According to Slate, the NFL is going to consider a change to its 'Operations Manual' to require players to stand for the anthem. If this goes through, and players go along with it, I'm just done. Bending over backwards to support the worst elements in our society is not the way the league should be going, even if Jerry Jones is one of them.

Cowboys, now is a good chance to show you have some backbone.
What I would do to see Dak and Zeke kneel. The players that are currently kneeling or otherwise aren't going to stop. They knew there was a chance of not having a job when Kaepernick was still sitting at home at the start of the season. These aren't all rookies and nobodies that are kneeling, some of these are Pro Bowl caliber players. The NFL may change the rules, but they're going to have to enforce those. Given how the entire thing started with a government mandate that the players stand, I can't imagine the ACLU doesn't already have a brief outlined and ready to file the first time a player is punished under the new Operations Manual.
  #38  
Old 10-11-2017, 10:56 AM
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And I wouldnít count on player solidarity lasting forever. There are a lot of black players who have never had any problem standing for the pledge, and if they see the salary cap fail to grow the way it has in recent years, they may get pissed off at the people who are kneeling, or at least quietly support a rule change.
You might be right that the protests are having an effect on ratings, but I see two major problems with responding to it by rule change (not including the fact that it's a moral error): any effects the protests are having are tough to disentangle from other problems the NFL has (CTE scandal, perceived lower quality of product on field, lots of other entertainment options) and probably fairly marginal and two, the horse is somewhat out of the barn already on this. If you actively change the rule to forbid these protests, you're not only going to piss off the players who have a social conscience, but also fans on the other side. The NFL may think its fanbase is oafish, middle-aged white men, but my social circle has a lot of liberals and NFL fans. They're already feeling guilty enjoying the sport because of CTE - you really want to push them over the edge?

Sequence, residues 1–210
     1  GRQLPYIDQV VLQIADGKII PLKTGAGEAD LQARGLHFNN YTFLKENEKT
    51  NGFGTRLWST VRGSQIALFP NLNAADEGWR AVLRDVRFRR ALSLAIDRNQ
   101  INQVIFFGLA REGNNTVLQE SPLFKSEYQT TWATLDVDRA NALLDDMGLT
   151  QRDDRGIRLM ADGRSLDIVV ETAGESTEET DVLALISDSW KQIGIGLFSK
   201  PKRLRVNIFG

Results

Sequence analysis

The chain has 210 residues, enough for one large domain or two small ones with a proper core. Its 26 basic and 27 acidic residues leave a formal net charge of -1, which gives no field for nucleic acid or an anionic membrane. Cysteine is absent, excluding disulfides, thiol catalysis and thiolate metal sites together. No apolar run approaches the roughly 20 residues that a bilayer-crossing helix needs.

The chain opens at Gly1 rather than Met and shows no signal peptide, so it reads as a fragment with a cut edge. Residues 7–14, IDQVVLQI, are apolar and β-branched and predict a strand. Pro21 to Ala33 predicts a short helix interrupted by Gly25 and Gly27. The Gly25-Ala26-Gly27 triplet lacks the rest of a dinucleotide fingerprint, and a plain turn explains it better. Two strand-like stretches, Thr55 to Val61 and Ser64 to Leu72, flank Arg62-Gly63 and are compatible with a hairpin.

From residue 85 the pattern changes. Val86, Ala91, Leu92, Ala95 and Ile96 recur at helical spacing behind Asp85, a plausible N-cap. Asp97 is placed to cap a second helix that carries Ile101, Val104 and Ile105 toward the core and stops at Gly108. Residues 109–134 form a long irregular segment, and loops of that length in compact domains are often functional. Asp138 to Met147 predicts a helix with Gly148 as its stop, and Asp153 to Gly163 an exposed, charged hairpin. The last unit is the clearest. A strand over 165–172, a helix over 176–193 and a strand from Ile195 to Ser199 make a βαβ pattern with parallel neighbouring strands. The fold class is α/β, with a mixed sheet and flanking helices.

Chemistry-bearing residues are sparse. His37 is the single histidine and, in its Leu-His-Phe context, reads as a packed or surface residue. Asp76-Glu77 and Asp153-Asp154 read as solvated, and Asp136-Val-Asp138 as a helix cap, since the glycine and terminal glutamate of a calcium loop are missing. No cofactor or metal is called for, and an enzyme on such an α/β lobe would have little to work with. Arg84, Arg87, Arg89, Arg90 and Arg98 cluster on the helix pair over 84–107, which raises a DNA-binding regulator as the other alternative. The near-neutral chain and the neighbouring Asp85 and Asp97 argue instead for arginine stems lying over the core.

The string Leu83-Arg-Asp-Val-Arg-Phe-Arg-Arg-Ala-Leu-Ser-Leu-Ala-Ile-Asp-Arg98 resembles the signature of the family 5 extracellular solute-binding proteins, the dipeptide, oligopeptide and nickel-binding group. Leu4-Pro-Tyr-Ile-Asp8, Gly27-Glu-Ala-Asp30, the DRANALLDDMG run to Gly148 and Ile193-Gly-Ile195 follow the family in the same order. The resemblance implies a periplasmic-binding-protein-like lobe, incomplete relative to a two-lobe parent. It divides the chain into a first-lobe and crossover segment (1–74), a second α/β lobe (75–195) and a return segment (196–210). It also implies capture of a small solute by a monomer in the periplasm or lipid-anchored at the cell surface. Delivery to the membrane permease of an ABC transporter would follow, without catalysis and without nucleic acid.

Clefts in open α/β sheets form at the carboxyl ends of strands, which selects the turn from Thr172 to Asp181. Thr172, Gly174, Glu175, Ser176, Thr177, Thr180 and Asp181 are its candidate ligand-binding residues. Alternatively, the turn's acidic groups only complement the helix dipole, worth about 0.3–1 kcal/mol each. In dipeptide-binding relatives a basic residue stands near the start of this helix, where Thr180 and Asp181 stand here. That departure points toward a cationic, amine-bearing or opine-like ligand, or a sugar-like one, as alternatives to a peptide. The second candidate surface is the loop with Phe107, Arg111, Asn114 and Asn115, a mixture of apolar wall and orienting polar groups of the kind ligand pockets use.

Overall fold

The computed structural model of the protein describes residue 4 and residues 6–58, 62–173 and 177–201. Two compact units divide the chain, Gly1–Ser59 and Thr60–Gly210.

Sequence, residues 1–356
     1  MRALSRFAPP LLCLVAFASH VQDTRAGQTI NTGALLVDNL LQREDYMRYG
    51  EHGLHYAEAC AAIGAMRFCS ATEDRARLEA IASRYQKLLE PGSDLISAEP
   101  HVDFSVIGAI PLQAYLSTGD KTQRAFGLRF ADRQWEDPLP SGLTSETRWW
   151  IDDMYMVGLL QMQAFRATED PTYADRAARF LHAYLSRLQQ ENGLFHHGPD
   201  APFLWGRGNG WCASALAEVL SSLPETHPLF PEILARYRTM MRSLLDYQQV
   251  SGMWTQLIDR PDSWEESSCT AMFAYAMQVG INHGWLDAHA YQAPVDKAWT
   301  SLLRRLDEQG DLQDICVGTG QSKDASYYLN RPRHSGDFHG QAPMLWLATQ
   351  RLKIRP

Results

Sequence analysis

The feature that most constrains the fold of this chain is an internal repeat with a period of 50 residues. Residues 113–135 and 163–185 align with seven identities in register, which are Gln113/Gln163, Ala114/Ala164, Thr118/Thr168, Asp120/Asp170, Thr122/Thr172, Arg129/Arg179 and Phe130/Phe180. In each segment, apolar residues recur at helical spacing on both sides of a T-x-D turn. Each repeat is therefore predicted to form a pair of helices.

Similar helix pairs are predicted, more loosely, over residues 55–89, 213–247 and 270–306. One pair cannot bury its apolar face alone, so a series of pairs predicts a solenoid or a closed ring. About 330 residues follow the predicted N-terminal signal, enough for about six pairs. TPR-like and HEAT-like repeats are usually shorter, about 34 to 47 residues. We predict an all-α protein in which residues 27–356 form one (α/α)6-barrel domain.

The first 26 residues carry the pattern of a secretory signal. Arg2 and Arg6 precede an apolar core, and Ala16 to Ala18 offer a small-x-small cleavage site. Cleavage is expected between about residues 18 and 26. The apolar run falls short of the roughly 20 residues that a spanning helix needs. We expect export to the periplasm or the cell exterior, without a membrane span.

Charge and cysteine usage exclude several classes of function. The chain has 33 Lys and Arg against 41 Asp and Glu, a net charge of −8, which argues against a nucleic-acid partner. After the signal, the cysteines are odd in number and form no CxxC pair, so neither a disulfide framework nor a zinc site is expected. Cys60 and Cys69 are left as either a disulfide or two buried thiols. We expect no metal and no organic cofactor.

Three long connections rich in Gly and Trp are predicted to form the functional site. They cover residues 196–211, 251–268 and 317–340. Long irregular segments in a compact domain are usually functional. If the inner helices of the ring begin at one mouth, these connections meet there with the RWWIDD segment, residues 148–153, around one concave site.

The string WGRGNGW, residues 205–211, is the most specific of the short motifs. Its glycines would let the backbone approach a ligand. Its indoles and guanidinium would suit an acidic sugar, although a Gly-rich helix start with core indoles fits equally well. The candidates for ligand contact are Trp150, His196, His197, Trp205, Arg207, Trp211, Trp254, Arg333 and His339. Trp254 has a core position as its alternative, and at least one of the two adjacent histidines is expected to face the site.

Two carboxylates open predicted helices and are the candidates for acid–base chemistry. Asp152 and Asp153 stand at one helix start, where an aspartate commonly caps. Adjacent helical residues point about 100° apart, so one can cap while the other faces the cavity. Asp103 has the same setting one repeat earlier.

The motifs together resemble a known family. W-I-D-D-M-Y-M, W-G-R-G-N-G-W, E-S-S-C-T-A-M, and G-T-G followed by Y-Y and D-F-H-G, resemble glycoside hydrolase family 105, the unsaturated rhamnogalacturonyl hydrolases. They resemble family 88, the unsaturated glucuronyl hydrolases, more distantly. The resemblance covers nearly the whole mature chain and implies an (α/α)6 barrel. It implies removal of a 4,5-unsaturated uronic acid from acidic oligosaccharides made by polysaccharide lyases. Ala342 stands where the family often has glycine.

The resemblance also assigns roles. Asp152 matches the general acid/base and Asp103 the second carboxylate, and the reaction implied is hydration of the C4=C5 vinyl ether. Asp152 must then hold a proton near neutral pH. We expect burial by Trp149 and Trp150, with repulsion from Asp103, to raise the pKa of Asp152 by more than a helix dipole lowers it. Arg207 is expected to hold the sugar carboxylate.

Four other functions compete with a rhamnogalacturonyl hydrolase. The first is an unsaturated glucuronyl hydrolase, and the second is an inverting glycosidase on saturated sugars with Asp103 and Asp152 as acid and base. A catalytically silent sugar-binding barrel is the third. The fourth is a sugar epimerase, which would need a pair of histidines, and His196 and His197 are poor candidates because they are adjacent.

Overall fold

#39  
Old 10-11-2017, 04:17 PM
SlackerInc SlackerInc is offline
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I hope the "you" wasn't directed at me, because I oppose the rule change. I was actually way ahead of my time, it seems, as I was the only student at my large high school who refused to stand for the Pledge at assemblies nearly 30 years ago--even though the nearest teacher got infuriated with me. (My reasoning was different: I would have stood had they removed the "Under God" part Ike added.)
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Last edited by SlackerInc; 10-11-2017 at 04:18 PM.
  #40  
Old 10-11-2017, 04:32 PM